The Pragmatic Programmer – My Review

The Pragmatic ProgrammerI started reading The Pragmatic Programmer three weeks ago. It was a gift I received on the occasion of my 28th birthday! And now that I just finished the book, I decided to write this review to share my thoughts on all what grabbed my attention while reading it.

As a long-time programmer and architect, I was always thinking that being pragmatic isn’t only a matter of mastering technologies but also and more importantly a matter of wisdom and maturity. I would define pragmatic programmers as those who developed the ability to keep in mind the big picture of a given project when diving into every aspect of it. This paradigm isn’t taught at schools and universities.

This book teaches you how to adopt the right mindset when addressing certain classes of problems. It shows pragmatic techniques that help you become a better programmer. Each aspect is illustrated through relevant analogies (as the helicopter example to explain orthogonality) and summarized into a collection of inspiring tips. I selected some of them,

  • Care About Your Craft
  • Provide Options, Don’t Make Lame Excuses
  • Be a Catalyst for Change
  • Design with Contracts
  • Abstractions Live Longer than Details
  • Don’t Assume It—Prove It
  • Organize around functionalities, not job functions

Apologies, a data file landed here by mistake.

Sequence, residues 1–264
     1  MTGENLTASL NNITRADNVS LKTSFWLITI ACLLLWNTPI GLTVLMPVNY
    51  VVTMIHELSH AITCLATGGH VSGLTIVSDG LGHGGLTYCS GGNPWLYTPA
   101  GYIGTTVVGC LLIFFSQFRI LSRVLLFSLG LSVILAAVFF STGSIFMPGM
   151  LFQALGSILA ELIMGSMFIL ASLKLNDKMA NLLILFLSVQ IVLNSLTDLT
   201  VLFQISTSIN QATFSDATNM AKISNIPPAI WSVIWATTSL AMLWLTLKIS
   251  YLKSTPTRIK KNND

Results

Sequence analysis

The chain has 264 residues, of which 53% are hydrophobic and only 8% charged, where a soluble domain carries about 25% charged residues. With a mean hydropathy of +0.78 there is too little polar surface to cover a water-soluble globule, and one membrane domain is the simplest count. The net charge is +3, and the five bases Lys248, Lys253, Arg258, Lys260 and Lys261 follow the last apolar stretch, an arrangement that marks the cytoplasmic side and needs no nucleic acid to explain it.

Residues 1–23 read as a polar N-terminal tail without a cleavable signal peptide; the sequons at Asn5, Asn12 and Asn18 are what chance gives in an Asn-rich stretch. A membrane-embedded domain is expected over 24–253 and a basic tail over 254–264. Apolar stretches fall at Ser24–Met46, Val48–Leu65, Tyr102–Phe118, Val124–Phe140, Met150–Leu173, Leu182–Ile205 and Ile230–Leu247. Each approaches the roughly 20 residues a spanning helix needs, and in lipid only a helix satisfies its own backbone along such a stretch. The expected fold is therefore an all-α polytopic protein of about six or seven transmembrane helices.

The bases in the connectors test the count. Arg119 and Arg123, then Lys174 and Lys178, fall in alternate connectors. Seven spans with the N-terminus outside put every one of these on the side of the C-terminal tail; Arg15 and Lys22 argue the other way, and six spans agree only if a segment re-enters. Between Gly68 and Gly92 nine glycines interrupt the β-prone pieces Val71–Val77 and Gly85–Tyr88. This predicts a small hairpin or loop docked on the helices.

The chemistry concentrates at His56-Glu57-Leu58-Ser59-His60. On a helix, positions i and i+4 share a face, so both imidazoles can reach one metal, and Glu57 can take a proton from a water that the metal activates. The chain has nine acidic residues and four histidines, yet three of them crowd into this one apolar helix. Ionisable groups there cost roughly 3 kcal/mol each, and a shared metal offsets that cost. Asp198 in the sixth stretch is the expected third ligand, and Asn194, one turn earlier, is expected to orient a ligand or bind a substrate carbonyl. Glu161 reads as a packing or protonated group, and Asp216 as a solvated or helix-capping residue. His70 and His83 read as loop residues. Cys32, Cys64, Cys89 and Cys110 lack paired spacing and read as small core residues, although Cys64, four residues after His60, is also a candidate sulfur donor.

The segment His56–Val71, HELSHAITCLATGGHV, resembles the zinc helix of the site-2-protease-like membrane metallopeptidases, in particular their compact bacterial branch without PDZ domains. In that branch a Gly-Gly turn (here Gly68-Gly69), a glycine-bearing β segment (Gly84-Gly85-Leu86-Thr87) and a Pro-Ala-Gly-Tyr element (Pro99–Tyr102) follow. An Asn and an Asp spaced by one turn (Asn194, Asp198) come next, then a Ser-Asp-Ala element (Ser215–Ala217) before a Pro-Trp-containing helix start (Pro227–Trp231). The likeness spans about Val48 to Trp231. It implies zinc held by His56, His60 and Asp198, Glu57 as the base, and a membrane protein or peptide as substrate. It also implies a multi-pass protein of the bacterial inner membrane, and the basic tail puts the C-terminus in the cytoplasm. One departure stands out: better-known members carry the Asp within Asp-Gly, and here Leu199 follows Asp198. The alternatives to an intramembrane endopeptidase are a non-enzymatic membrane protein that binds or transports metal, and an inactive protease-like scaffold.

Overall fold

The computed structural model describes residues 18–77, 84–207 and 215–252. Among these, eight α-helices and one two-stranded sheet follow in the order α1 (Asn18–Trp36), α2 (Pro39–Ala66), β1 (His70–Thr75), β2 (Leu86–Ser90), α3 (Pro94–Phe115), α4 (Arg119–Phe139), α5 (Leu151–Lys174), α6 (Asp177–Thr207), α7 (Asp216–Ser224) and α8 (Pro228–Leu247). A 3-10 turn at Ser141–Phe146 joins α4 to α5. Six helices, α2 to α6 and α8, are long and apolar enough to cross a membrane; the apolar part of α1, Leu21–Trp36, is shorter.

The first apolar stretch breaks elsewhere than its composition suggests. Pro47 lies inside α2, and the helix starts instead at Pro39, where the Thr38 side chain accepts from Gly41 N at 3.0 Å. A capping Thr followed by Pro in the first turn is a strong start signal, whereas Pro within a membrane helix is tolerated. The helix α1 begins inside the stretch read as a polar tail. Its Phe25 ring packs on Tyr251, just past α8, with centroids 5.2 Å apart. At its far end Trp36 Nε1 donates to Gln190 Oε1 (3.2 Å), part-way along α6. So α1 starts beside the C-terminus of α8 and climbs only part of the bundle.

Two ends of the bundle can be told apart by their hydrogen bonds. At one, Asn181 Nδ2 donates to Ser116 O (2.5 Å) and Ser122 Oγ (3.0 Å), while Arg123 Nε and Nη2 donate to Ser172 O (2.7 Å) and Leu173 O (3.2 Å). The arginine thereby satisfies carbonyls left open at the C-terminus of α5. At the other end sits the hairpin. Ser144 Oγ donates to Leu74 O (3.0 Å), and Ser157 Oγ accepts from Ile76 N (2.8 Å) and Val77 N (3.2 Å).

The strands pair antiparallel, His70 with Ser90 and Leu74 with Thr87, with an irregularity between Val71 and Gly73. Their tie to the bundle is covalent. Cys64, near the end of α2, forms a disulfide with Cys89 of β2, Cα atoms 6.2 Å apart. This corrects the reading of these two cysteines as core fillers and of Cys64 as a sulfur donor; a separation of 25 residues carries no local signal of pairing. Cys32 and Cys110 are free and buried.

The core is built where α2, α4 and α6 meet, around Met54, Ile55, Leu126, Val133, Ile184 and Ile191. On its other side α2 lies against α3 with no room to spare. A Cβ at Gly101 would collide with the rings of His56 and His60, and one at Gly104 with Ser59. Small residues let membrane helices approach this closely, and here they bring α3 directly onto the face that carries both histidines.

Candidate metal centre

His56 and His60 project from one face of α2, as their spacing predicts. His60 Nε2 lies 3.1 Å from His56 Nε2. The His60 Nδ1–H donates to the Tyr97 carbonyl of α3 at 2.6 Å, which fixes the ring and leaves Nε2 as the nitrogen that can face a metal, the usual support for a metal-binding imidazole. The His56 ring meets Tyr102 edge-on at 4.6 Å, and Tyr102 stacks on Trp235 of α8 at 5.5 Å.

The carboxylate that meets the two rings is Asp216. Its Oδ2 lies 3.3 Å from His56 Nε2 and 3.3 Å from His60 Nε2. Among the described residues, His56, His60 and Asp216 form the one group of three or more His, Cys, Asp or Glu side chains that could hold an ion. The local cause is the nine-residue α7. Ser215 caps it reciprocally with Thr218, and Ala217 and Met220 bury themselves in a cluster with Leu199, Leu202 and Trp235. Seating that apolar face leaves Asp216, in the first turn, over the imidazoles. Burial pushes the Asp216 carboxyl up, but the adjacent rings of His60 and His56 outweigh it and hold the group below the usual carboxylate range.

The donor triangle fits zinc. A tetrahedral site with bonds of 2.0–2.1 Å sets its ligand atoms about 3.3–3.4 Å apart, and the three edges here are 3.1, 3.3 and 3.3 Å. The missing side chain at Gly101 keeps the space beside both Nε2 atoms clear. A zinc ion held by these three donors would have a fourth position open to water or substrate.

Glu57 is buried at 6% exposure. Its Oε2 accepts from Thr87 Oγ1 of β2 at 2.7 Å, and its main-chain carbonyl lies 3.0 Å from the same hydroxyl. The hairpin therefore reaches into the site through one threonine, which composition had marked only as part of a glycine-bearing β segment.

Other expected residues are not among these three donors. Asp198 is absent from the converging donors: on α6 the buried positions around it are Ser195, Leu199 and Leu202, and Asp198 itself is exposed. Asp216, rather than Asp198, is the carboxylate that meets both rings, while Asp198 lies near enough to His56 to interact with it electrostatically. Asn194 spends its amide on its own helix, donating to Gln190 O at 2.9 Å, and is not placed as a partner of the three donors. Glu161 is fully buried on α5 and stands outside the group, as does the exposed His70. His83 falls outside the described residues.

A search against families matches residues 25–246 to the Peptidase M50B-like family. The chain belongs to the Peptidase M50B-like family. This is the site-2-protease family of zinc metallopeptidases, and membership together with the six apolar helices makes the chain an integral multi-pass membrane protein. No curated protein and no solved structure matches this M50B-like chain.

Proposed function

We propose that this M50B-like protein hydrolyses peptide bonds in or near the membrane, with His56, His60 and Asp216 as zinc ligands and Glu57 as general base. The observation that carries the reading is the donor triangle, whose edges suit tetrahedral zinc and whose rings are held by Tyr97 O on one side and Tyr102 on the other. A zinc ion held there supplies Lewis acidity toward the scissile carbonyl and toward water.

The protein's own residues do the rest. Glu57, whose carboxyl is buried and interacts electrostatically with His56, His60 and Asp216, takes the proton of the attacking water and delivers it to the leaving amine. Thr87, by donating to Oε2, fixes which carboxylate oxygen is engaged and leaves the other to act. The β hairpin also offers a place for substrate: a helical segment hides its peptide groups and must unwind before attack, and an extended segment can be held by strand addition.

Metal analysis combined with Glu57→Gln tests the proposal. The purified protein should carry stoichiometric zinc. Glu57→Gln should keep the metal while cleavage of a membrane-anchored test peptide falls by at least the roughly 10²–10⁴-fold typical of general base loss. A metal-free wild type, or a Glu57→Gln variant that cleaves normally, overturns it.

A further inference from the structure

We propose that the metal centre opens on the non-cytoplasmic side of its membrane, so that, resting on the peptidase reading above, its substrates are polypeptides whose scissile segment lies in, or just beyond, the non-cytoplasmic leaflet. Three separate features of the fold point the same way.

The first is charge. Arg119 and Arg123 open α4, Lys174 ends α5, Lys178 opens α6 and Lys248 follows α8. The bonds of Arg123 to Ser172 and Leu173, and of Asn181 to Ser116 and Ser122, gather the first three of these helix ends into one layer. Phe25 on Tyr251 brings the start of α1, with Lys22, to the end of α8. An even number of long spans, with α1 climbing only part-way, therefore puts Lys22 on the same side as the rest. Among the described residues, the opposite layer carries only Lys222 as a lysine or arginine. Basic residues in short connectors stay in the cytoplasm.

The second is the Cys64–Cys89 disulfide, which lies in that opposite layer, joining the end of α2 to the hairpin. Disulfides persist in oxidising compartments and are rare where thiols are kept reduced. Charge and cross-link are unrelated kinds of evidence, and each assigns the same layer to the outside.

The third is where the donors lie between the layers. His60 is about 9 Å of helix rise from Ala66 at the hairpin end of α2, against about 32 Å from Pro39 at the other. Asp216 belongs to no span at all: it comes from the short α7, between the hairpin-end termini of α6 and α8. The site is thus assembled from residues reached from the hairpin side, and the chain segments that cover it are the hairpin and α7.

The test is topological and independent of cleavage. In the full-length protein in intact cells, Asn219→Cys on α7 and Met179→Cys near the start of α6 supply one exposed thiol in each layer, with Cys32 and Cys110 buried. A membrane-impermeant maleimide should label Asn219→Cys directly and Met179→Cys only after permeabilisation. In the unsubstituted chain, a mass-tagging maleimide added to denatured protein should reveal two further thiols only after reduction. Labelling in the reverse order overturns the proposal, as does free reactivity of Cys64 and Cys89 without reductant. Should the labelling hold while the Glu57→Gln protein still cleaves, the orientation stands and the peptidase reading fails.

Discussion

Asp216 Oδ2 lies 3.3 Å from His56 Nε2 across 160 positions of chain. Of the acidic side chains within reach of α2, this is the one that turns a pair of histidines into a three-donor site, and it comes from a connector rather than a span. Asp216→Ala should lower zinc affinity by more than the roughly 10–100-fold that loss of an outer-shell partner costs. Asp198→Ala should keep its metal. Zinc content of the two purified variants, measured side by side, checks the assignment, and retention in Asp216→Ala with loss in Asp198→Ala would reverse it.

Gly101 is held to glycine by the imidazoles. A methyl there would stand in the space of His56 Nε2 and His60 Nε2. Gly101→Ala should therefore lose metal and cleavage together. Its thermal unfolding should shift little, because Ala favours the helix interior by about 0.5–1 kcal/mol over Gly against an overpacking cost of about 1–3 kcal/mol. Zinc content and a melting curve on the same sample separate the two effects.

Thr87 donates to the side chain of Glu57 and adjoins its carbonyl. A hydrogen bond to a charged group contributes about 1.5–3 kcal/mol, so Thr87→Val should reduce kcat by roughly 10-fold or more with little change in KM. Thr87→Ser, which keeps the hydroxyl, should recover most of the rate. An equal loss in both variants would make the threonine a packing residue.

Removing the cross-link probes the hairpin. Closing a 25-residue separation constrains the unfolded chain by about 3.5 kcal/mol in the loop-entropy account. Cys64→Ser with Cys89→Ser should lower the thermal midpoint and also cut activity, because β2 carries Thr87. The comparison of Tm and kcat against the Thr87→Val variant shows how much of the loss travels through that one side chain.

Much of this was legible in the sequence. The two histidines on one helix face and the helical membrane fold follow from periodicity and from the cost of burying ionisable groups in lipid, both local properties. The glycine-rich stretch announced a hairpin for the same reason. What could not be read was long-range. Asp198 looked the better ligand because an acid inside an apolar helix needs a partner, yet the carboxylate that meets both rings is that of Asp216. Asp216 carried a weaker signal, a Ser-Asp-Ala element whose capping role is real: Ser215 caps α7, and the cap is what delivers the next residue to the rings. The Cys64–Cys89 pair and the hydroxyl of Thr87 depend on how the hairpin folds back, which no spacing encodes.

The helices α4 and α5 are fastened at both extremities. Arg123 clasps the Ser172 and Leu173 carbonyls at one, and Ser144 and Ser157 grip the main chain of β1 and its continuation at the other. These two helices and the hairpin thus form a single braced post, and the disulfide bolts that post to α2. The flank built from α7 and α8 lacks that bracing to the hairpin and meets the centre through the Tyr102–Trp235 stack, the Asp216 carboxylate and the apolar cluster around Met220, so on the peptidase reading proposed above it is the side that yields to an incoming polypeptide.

• Always Design for Concurrency
  • Don’t Think Outside the Box—Find the Box
  • Don’t Live with Broken Windows
  • Remember the Big Picture
  • It’s Both What You Say and the Way You Say It
  • Don’t Be a Slave to Formal Methods
  • Organize Teams Around Functionality
  • … and so on

Andrew and David provide a set of practical advices based on their many years of experience adapting and integrating a large variety of techniques and tools to improve their processes. These advices are addressed to both beginners and experts, even if you just started coding, grab a copy of this book, you may probably don’t understand all the concepts but there will be enough to learn for you.

Also, many explanations in this book are  language-independent, which is really nice.

You’ll probably find many reviews on the web,  but I would like to quote Kent Beck, author of Extreme Programming Explained: Embrace Change, who says:

“The cool thing about this book is that it’s great for keeping the programming process fresh. The book helps you to continue to grow and clearly comes from people who have been there.

I would also refer to John Lakos’s (Author of Large Scale C++ Software Design) point of view,

“The wisdom and practical experience of the authors is obvious. The topics presented are relevant and useful…By far its greatest strength for me has been the outstanding analogies–tracer bullets, broken windows, and the fabulous helicopter-based explanation of the need for orthogonality, especially in a crisis situation. I have little doubt that this book will eventually become an excellent source of useful information for journeymen programmers and expert mentors alike.”

If I had to summarize my impressions after reading this book, I would join Kent & Lakos on their thoughts.

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